As tragedy unfolds, two sisters are able to keep their family ties together, in this brilliantly written, new release by
Helen Frost…The Braid.
A.B.Why The Braid? Why Now?
H.F. "I’m fascinated with the ways that lives of Americans weave together many different cultural influences. I began writing this story thinking it would be Part 1 of a four-part story about the heritage of a contemporary character, but Sarah and Jeannie, the main characters in The Braid, would have none of that—as they began telling me their story, it wasn’t long before I heard their gentle demand that they have a book of their own."
A.B. How challenging was it to use a poem-story format for The Braid?
H.F. "The form I discovered for The Braid was immensely challenging, and, when I saw that it was working, absolutely exhilarating. The form opened the story and the story fulfilled the form. It felt like magic, but I’ve been working with poetry for long enough to recognize the magic as the deep and beautiful power of language."
A.B. As sisters, Jeannie and Sarah have a very special bond that is unfortunately severed very early on in the story. However, their ordeal was creatively, braided together. Please explain how this came about.
H.F. "I have seven sisters (and two brothers); we live all over the country, and we don’t get together very often, but we remain close. It really is a bond that cannot be severed, and as I see this in my own life, I understand more clearly how it must have been for our ancestors, who traveled all over the world without the comfort of email, telephones, airplanes, or efficient postal service. The Braid is fiction, but within it’s pages I feel the presence of my ancestors (including the siblings of my direct ancestors) and my descendants (including my nieces and nephews and their descendants). And also, the ancestors and descendants of people who read the book—all our lives braided together in an intricate and strengthening way."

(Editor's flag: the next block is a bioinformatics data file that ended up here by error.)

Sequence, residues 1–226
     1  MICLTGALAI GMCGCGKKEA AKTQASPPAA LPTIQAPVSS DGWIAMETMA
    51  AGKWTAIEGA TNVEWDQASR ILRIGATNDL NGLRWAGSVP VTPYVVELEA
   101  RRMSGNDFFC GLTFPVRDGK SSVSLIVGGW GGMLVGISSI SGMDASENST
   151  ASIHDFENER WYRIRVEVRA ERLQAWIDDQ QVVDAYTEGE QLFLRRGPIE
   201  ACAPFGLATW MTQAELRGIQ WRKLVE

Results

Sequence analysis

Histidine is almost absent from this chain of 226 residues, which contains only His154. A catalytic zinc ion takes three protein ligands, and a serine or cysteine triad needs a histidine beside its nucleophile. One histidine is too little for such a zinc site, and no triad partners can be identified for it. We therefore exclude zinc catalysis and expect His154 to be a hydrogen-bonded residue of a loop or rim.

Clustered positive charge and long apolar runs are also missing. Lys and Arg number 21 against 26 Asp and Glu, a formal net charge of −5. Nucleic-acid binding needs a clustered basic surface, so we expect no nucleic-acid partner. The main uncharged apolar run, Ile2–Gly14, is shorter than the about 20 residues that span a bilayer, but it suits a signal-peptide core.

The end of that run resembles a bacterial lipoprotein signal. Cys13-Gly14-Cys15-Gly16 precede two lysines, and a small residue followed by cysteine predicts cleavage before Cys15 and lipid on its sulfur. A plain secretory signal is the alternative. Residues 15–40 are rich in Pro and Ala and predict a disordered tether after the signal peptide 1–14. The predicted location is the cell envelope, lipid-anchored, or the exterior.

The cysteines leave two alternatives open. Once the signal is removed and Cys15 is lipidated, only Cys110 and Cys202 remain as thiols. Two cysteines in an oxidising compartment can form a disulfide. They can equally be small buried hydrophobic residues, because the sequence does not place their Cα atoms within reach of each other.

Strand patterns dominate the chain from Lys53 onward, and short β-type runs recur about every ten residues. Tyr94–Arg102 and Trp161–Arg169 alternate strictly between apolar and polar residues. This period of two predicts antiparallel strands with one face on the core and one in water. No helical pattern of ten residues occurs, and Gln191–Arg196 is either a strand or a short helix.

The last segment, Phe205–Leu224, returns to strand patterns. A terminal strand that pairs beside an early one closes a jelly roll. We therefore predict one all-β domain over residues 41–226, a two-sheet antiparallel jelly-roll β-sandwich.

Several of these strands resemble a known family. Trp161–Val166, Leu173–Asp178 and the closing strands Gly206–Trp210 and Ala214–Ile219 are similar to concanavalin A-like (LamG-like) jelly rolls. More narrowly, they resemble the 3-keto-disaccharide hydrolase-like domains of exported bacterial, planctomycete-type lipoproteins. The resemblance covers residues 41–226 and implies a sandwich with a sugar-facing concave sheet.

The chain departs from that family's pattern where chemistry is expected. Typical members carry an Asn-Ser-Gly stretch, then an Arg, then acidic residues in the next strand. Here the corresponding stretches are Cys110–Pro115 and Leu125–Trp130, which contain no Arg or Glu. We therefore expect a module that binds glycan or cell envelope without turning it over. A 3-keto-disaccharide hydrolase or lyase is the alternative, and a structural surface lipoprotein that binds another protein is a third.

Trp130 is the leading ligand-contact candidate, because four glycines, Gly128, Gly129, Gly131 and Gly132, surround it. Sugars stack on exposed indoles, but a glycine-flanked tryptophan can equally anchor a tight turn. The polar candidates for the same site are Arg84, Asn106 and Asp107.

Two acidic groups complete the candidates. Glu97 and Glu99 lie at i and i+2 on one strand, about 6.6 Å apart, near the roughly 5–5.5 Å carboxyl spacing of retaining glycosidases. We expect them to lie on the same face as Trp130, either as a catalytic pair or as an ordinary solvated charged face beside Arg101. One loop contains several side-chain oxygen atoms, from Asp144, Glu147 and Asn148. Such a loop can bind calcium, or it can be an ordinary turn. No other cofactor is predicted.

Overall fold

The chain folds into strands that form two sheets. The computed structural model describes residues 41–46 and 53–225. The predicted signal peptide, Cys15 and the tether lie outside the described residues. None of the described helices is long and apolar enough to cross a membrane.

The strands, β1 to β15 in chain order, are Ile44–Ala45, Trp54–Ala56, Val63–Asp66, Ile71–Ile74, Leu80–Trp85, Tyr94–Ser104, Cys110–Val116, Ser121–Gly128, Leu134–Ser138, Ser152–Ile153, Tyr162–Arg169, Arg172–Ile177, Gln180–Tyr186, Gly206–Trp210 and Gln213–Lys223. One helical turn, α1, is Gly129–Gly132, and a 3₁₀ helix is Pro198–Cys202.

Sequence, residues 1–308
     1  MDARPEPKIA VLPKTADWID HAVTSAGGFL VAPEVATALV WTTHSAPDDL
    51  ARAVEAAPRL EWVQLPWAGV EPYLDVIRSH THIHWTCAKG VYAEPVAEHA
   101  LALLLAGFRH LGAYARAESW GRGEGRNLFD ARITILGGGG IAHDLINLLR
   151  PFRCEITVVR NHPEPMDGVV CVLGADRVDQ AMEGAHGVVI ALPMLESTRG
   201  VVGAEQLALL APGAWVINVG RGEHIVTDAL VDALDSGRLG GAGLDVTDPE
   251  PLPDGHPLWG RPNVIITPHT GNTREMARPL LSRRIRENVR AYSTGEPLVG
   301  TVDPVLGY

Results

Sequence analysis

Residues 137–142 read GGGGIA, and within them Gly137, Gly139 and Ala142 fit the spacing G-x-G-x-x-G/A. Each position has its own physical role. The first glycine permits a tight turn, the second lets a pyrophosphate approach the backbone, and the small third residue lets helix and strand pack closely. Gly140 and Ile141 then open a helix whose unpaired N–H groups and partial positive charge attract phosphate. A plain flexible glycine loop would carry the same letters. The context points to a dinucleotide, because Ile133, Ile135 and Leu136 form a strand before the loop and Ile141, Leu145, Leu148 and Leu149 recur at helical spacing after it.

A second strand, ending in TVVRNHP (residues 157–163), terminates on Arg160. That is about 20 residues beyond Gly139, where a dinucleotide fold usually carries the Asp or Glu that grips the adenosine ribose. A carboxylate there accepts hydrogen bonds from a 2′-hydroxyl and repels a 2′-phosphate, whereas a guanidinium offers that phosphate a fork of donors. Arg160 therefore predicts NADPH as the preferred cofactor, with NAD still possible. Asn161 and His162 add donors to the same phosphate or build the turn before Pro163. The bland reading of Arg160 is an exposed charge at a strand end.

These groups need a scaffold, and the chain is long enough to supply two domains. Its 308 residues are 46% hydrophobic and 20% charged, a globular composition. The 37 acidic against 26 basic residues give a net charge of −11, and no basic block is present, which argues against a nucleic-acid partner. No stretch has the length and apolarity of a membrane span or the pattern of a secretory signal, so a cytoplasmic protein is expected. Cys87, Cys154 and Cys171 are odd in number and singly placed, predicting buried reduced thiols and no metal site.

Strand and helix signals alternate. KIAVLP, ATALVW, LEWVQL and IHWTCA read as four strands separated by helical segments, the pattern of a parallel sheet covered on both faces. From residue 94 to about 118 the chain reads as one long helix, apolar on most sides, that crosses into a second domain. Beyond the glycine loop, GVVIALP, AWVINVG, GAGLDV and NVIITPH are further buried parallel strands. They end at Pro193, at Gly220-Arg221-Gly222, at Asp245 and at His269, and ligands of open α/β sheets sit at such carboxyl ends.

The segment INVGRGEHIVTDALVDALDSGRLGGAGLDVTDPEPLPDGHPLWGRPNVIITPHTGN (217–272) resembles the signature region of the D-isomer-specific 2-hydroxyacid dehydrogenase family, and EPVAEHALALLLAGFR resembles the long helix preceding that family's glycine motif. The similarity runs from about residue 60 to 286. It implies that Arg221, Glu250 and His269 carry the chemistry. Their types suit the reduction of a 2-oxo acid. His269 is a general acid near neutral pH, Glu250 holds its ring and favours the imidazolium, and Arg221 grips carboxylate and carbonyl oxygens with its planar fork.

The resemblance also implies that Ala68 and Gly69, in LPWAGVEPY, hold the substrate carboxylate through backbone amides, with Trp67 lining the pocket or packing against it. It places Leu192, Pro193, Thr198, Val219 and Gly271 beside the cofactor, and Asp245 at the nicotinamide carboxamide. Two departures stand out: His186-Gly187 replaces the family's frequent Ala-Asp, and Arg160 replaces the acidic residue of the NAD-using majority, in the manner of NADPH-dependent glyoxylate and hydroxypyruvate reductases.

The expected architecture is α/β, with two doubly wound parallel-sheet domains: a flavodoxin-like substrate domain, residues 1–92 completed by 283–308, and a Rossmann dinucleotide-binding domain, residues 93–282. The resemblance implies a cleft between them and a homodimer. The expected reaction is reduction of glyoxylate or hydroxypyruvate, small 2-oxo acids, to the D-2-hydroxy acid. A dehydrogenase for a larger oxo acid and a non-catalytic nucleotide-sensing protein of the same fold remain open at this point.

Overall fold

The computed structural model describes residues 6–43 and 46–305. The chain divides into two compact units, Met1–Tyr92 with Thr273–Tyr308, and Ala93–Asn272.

A.B. Which of the characters from The Braid do you most admire and why?
H.F. "As a child, I would have admired Sarah—my nickname was "R.K." which stood for "Reckless Kid" and I probably would have been following Sarah to the cliff’s edge, reaching for the birds and their eggs. But as an adult, the question is more complex; I see a strength in Jeannie and a gentle beauty in Sarah. What interests me now is how these qualities are integrated in each person or character."
A.B. Please explain what from your own life inspired you to use the Celtic knotwork style to tell the story.
H.F. "I have Scottish and Canadian ancestry; I lived in Scotland for several years, and love to travel there; my husband plays the bagpipes, which has taken us to many Highland festivals—so I’ve often come in contact with the intricate designs of Celtic knotwork. The designs reflect the gnarled roots and branches of trees growing in a wind-blown landscape, which I associate with the kinds of family relationships I mentioned above. In my research for The Braid, I discovered an ancient Celtic alphabet of trees and symbols, mysterious and intriguing. I wondered if I could use language to create something like other artists have created in silver and gold, in dance, in music; forms also evident in trees, in wind and water, in seashells, feathers, stones."
The Braid is published by Frances Foster Books.